** The leftover nut pulp can be used as a body scrub. However, I usually feed it to my chickens. I’ve also heard that you can use it to make raw “crackers” in a food dehydrator, but I haven't tried this. Or, of course, you can compost it.

Monday, April 21, 2014

Life Doesn’t Always Stick to “the Plan”

Life doesn’t always go according to plan. Sometimes it’s small things that derail the course of the day, and sometimes it’s major events that forever change our trajectory.

This morning, for instance, I planned to take a shower. Instead, after a very cold attempt, I spent an hour on my hands and knees in my bathrobe trying to light the hot water heater pilot. My intention had been to have a productive day in the office, but the Universe decided to throw me a curveball and test my ability to roll with the punches.

Often it’s our flexibility and willingness to go with the flow that allows for even more magic than we could ever dream. We just have to be willing to open our heart to this possibility, rather than doggedly sticking to “the plan.” While working in my garden last week, I took a photo of a flower, which turned out to be a rather boring picture. However, upon closer inspection, I discovered a small aphid on one of the petals. Although it hadn’t been part of my intended composition, this happy accident actually improved the image.

Sometimes, however, a thwarted plan can be even more challenging to deal with than the event itself. For instance, not being able to shower and having to fiddle with the hot water heater was actually less vexing than not being able to get office work done. This is heightened when you stumble upon something that’s so big that it not only changes the plan, but also necessitates a complete reevaluation of your sense of self and where you’re heading in life.

Big life events that can throw a herculean wrench in “the plan” are things like termination, divorce, and illness. Losing your job may require you to discover who you are separate from your vocation. Ending a union can be one of the worst pains there is, but coming to terms with not having “happily ever after” can sometimes be even harder. And for others, like me, it’s not so much about unexpected endings, but rather it’s about beginnings that never seem to materialize.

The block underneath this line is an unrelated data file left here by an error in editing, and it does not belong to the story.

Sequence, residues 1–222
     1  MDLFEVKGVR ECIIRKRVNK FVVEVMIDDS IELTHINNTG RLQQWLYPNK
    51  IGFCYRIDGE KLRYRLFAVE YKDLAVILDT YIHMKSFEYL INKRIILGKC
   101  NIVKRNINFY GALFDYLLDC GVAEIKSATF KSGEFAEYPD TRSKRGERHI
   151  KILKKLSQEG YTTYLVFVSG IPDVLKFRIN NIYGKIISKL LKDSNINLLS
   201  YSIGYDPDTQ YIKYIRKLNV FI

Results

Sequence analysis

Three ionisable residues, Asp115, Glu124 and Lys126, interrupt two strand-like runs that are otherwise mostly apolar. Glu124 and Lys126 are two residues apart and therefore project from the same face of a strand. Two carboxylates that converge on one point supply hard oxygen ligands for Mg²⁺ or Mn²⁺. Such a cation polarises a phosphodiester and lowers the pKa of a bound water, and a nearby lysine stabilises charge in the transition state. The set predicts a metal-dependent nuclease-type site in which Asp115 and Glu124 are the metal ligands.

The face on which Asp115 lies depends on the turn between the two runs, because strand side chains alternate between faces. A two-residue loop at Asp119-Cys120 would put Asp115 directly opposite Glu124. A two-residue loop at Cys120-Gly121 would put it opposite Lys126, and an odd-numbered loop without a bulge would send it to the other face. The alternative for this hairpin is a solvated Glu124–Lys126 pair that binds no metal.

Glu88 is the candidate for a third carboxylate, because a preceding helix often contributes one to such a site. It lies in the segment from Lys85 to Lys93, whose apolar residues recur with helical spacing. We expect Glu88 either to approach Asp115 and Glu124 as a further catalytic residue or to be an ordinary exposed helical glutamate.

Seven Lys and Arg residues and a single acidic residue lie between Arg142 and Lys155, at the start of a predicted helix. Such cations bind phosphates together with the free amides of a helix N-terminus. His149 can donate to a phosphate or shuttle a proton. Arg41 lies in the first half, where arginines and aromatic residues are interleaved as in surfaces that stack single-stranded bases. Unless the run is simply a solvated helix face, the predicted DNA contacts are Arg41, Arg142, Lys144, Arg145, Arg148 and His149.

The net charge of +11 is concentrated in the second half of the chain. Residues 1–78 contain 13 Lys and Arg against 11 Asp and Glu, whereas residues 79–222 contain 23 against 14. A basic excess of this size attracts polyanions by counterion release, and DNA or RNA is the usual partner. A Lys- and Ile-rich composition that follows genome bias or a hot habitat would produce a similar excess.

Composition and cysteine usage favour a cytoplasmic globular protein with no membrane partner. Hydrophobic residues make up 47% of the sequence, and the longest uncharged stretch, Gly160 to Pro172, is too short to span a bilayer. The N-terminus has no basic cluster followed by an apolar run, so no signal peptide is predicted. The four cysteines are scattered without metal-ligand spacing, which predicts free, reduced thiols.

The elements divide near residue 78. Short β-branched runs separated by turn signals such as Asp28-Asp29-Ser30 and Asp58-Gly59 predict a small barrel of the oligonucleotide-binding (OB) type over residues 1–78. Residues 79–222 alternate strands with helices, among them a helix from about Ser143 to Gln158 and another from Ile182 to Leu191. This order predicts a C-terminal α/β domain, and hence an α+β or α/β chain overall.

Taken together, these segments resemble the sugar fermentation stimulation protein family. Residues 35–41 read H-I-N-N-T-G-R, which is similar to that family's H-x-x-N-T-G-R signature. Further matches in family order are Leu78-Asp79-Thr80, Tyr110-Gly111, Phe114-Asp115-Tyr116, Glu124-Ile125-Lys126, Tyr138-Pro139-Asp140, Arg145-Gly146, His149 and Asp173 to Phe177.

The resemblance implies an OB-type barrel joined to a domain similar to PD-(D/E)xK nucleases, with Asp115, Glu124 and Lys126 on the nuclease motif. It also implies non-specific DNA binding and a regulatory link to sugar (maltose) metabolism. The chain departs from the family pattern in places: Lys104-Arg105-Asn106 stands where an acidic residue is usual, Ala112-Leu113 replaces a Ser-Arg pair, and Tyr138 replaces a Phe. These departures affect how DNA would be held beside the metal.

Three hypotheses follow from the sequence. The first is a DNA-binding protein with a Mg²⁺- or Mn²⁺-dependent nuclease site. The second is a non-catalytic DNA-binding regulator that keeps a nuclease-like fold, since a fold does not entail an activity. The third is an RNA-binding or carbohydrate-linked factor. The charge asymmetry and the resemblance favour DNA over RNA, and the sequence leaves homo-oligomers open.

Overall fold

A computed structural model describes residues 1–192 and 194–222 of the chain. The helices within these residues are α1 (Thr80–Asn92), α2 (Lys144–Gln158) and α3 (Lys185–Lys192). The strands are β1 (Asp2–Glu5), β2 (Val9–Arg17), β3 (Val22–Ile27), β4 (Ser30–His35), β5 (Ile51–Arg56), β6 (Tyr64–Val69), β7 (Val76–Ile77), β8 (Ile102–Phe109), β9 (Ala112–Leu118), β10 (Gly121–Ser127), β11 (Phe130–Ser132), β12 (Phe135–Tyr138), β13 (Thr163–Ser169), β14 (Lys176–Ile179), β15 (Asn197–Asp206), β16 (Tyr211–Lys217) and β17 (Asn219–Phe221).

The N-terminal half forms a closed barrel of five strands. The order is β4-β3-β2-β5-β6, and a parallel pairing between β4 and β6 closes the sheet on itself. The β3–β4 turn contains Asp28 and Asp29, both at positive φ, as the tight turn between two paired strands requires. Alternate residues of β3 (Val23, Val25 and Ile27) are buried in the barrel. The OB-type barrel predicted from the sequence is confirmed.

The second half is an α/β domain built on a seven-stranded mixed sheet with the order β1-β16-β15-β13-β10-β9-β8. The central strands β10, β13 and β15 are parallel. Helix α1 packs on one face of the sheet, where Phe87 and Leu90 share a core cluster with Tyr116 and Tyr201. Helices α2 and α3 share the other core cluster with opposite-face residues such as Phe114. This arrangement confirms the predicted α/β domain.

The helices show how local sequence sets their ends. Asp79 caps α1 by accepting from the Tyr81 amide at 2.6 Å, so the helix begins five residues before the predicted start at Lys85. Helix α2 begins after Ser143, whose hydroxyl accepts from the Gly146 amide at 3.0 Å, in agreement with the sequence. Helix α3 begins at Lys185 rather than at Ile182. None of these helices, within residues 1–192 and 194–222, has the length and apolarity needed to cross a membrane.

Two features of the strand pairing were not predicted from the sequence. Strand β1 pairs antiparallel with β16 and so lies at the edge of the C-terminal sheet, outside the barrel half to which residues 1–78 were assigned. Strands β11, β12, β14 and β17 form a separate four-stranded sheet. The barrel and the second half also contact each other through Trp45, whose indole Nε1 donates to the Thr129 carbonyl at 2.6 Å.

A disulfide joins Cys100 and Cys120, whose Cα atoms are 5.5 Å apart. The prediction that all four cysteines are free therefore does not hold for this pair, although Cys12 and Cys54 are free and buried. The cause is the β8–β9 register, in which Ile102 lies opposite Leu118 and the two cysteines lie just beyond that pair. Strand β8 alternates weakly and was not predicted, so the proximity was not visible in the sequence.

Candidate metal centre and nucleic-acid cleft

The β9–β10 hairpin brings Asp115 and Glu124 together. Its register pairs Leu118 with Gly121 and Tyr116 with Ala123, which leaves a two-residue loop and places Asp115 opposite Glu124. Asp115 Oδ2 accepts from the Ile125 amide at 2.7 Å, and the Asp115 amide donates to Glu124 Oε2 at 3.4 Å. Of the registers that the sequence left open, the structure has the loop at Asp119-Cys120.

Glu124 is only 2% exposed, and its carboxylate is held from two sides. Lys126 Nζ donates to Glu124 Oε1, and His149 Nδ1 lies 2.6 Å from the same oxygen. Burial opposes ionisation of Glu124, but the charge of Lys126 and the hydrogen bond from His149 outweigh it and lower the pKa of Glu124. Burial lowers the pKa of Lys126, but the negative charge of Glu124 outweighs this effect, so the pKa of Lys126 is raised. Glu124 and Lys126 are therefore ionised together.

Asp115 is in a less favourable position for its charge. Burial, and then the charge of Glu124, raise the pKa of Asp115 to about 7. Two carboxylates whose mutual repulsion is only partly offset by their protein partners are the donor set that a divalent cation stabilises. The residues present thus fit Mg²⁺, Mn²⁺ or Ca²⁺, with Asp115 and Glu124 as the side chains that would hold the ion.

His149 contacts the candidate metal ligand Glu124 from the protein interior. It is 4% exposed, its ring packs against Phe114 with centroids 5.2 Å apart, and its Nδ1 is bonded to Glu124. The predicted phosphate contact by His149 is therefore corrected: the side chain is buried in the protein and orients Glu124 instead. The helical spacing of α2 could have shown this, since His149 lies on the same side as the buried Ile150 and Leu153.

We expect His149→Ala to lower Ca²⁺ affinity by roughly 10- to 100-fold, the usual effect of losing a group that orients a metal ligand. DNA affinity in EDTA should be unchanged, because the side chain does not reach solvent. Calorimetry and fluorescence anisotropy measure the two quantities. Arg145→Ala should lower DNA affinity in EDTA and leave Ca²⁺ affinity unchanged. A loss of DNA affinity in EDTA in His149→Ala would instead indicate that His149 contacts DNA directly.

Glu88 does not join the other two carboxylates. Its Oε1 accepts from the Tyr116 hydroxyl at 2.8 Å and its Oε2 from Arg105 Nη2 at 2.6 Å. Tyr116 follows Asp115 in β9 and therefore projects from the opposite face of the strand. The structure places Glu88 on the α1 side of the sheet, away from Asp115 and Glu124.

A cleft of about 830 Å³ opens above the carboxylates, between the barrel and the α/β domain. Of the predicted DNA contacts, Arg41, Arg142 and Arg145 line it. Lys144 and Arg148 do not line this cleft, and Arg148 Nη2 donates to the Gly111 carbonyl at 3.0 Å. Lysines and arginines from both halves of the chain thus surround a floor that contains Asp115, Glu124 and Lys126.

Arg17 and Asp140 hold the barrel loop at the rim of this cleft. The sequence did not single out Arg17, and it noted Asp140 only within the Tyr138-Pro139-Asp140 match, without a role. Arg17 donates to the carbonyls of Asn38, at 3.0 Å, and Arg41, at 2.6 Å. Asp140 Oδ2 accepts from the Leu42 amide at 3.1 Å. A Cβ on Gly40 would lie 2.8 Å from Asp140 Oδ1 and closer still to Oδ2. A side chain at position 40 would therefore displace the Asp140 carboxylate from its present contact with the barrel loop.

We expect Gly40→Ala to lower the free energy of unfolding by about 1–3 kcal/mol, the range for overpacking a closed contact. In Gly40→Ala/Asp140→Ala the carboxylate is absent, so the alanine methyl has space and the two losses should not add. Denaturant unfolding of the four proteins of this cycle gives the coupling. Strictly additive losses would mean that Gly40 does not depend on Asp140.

For as long as I can remember I’ve had a vision of my life that included a big country kitchen in an old yellow farmhouse filled with children. In third grade when asked what I wanted to be when I grew up, I said, “a mother.” While I still have a few childbearing years ahead of me, I’ve also hit a point in my life when it’s time to accept the reality that likely my life will not exactly follow the plan I’ve envisioned for so long. I’m not quite ready to let it go, but I know the time is nigh. Whatever comes to fruition won’t necessarily be better or worse, but it certainly will be different.

The seeming holes in our lives oblige us to accept a different version of ourselves and if we do, that’s where magic resides. If we don’t, not living in alignment with who we think we are can be extremely painful. When we release our hold on “the plan,” we begin to see the majesty of the insect on the flower and the other wonders waiting to be discovered. This will result in more enjoyment and less disappointment.

In what ways has your life gone according to plan? In what ways has your life deviated from your expectations?

The first step is accepting what is, even if it’s at odds with how you see yourself. An adjustment or grieving period is completely normal and can even be part of the healing process. Then, be willing to open the door to whatever comes your way. When your heart is open, who knows what magic will unfold!